OBJECTIVE: In order to demonstrate the results of all available studies on cost-effectiveness and traffic safety, and report them in a comparable format, we conducted a comprehensive review of the literature on the subject. Knowledge of cost-effective (CE) traffic safety programs that result in reduced motor vehicle crashes and fatalities is essential to city planners, managers, and police.
METHOD: Using a systematic approach to literature review, the relevant literature has been identified through the use of electronic databases, hand searching of journals, scanning reference lists, and consultation with corresponding authors and experts. Target populations were drivers, passengers and pedestrians in urban and rural roads. Studies on passenger vehicles, busses, and light trucks are included in this review. Studies were included with outcome measure such as cost per year of life saved (LYS), and cost per quality-adjusted life-year saved (QALY), or enough data on cost and benefit to estimate these measures. We followed the recommendations of the Panel on Cost Effectiveness in Health and Medicine (PCEHM) in our recalculations. Interventions are categorized based on the Haddon matrix.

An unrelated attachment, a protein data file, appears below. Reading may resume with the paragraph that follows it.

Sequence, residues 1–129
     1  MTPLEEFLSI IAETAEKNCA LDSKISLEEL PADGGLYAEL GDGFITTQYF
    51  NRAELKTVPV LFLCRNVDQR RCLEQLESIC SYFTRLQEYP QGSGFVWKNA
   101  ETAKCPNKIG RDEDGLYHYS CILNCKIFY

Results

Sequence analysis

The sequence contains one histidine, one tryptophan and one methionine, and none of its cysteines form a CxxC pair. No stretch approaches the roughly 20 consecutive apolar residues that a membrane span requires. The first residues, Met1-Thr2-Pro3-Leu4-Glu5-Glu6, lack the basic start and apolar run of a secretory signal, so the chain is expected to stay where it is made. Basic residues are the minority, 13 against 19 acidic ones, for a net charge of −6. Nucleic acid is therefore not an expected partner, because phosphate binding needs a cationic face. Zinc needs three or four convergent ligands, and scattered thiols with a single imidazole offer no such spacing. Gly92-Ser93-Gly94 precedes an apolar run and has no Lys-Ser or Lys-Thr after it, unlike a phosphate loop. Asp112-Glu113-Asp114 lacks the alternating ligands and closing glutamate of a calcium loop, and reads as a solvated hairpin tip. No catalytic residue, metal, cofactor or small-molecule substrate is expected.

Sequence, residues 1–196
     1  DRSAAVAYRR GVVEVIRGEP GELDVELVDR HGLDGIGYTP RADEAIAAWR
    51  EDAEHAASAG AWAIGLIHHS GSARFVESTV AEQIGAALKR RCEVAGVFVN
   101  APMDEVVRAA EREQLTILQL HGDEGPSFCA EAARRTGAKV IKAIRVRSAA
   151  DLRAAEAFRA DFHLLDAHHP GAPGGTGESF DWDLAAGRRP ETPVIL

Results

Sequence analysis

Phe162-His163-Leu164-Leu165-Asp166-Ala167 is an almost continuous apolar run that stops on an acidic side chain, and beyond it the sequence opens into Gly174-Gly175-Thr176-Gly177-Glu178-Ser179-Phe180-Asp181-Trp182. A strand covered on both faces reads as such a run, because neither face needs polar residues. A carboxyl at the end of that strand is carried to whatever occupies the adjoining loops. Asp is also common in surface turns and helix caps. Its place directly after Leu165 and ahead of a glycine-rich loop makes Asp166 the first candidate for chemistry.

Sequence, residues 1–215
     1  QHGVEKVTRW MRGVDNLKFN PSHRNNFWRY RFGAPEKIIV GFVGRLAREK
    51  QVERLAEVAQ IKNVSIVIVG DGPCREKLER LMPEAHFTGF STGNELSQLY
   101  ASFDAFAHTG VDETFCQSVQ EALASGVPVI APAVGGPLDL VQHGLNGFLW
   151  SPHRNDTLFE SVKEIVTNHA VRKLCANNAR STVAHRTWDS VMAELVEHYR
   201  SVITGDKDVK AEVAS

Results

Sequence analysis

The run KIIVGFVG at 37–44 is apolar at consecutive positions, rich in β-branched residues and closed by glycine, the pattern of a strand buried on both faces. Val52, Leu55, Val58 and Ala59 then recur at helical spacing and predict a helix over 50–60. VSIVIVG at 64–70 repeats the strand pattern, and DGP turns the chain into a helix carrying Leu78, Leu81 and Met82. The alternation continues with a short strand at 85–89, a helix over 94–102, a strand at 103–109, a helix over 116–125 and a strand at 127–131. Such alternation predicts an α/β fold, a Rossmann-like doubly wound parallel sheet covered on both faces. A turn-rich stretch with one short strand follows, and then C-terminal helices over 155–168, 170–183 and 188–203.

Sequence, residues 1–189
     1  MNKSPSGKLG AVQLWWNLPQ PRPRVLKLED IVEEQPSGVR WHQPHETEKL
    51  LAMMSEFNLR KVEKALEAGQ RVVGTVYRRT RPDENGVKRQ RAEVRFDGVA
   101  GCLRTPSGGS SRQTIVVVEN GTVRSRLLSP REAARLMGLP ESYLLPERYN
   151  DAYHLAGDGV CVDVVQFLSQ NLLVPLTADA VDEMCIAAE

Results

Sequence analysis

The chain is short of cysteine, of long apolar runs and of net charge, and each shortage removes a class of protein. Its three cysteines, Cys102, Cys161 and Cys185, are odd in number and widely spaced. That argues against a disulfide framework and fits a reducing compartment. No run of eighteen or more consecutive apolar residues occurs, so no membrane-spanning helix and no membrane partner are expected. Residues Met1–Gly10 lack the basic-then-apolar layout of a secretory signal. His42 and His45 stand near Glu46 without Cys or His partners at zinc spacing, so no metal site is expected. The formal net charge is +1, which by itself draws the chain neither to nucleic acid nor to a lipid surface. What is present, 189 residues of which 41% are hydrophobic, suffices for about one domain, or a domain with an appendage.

RESULTS: We found that despite the specific framework recommended by the PCEHM, the methods used to derive CE measures vary considerably among studies. The CE for these interventions vary enormously, from those that cost more than $1 million per QALY saved i.e. lap/shoulder belts in rear-center occupant; to those that save money i.e. mandatory use of daytime running lights, painting lines on roads, and compulsory helmet use in motorcyclists. Cost saving interventions are compared according to the major components of crash causation as demonstrated in the Haddon matrix.
CONCLUSION: The design of cost benefit evaluations in road safety needs to be improved so that more comparable evidence can be obtained. Literature reviews on CE should be updated regularly to ensure relevance. Many life saving traffic safety programs are cost saving and many are more CE than other interventions to prevent cancer, heart disease, and other causes of morbidity and mortality. Investment in traffic safety measures can have a greater impact on population health than investment in other chronic diseases.